The Libertarian Case Against Intellectual Property Rights

Lance's picture
Submitted by Lance on Tue, 2007-08-07 02:23

Is this a legitimate argument against copyrights and patents? I'm not sold on the author's argument against copyrights, but his case against patents caught my eye and left me wondering:

"Another problem with patents is that, when it comes to laws of nature, even fairly specific ones, the odds are quite good that two people, working independently but drawing on the same background of research, may come up with the same invention (discovery) independently. Yet patent law will arbitrarily grant exclusive rights to the inventor who reaches the patent office first; the second inventor, despite having developed the idea on his own, will be forbidden to market his invention.

Ayn Rand attempts to rebut this objection:
"As an objection to the patent laws, some people cite the fact that two inventors may work independently for years on the same invention, but one will beat the other to the patent office by an hour or a day and will acquire an exclusive monopoly, while the loser's work will then be totally wasted. This type of objection is based on the error of equating the potential with the actual. The fact that a man might have been first, does not alter the fact that he wasn't. Since the issue is one of commercial rights, the loser in a case of that kind has to accept the fact that in seeking to trade with others he must face the possibility of a competitor winning the race, which is true of all types of competition."
(Ayn Rand, Capitalism: The Unknown Ideal (New York: New American Library, 1967), p. 133.)

But this reply will not do. Rand is suggesting that the competition to get to the patent office first is like any other kind of commercial competition. For example, suppose you and I are competing for the same job, and you happen to get hired simply because you got to the employer before I did. In that case, the fact that I might have gotten there first does not give me any rightful claim to the job. But that is because I have no right to the job in the first place. And once you get the job, your rightful claim to that job depends solely on the fact that your employer chose to hire you.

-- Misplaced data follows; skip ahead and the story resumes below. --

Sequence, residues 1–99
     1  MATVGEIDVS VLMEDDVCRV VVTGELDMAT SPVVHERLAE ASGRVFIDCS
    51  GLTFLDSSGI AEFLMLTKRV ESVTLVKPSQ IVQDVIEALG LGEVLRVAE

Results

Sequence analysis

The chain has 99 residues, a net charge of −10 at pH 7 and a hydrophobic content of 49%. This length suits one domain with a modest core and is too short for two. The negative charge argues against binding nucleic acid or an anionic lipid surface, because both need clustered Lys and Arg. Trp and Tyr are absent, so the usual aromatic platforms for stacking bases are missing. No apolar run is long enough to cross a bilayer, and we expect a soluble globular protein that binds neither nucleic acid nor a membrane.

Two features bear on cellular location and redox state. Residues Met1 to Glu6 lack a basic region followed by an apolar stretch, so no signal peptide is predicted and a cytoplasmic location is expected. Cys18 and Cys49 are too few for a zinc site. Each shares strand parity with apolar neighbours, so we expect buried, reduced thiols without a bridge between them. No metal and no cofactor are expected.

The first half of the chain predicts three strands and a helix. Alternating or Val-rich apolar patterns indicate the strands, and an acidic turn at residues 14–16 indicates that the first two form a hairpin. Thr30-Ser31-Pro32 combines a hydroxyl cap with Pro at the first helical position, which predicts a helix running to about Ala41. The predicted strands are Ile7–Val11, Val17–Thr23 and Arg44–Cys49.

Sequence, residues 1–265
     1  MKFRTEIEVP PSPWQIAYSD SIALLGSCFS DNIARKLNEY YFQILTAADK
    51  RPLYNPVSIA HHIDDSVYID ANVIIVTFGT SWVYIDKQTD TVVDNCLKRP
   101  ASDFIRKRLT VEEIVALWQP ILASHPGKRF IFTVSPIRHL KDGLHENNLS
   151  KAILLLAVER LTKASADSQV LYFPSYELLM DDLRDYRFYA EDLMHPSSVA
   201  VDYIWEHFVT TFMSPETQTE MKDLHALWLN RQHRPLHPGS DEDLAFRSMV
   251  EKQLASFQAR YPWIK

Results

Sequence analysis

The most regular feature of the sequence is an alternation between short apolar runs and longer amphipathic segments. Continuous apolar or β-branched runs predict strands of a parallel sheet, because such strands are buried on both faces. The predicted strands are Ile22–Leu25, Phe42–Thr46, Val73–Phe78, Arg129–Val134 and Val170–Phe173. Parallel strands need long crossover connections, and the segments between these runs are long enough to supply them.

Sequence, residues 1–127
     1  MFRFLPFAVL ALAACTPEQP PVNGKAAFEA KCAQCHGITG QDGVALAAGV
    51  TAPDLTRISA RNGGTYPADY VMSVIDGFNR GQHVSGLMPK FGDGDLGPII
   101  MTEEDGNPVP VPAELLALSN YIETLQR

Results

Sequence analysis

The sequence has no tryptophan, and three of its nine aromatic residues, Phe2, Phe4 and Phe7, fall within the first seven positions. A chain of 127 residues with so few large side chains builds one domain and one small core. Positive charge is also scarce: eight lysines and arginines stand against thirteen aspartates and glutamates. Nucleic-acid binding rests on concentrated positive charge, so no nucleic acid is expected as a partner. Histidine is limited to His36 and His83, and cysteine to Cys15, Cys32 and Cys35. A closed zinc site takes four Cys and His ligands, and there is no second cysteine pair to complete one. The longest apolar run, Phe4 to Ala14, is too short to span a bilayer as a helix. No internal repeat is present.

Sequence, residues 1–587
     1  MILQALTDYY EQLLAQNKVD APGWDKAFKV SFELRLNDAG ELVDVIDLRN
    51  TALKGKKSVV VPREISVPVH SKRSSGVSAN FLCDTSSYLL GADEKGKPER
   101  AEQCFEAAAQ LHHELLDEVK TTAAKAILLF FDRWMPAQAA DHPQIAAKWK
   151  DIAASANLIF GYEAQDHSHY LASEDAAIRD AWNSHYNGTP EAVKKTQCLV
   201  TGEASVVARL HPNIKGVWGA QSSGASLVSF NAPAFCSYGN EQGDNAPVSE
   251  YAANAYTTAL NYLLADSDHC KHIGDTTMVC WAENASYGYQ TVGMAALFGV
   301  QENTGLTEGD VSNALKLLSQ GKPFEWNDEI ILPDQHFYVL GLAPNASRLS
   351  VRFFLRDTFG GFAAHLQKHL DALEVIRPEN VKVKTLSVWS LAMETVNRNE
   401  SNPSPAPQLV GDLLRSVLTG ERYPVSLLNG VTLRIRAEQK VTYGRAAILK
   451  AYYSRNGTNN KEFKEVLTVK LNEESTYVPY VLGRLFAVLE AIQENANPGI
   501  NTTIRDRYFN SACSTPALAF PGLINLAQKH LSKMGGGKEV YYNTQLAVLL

In the case of patents, however, the story is supposed to be different. The basis of an inventor's claim to a patent on X is supposedly the fact that he has invented X. (Otherwise, why not offer patent rights over X to anyone who stumbles into the patent office, regardless of whether they've ever even heard of X?) Registering one's invention with the patent office is supposed to record one's right, not to create it. Hence it follows that the person who arrives at the patent office second has just as much right as the one who arrives first — and this is surely a reductio ad absurdum of the whole notion of patents."

(Before I get flamed, I am aware that this is a so called libertarian case against IP rights, and not necessarily an objectivist one.)

edit for clarity:This is a genuine question put forth in good faith, and not an "Aha, prove me wrong!" To put the question more accurately: Do the authors arguments hold water from an objectivist view? If not, what are the mistakes or misjudgments?

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Some agreement

SovereignThinker's picture

I do agree with you that man is not entirely like a hunter-gatherer. We do have the ability to both record the laws of nature and to anticipate what might happen if we reorganize certain physical phenomenon in novel ways. I can understand that a person who spends a great deal of time working on something would want to be able to do as they wished with that thing; however, if you look at an inventor, he is not entirely responsible for his invention. Part of his invention comes from the laws of nature, for instance, the ability to make fire comes directly from a natural phenomenon, the first fire starter should not be able to patent fire starting thereby preventing any other human from ever starting a fire. Furthermore, certain inventions only become possible with the creation of certain other novel inventions. The person who created the first diode should not be able to patent it, because it is a fairly simple invention once silicon manufacturing reached a particular level of efficiency. Considered further, silicon manufacture should not be patentable, because even though silicon is hardly ever found in nature, it is a natural element which has properties which must be discovered, not invented (*cough* hunter-gatherer), just because tools were needed to discover those things, does not mean that the person is entirely responsible for their reality. To look at a hunter, they must fashion a spear, but still, they kill something else for their sustenance, essentially "stealing" an outside resource from "nature."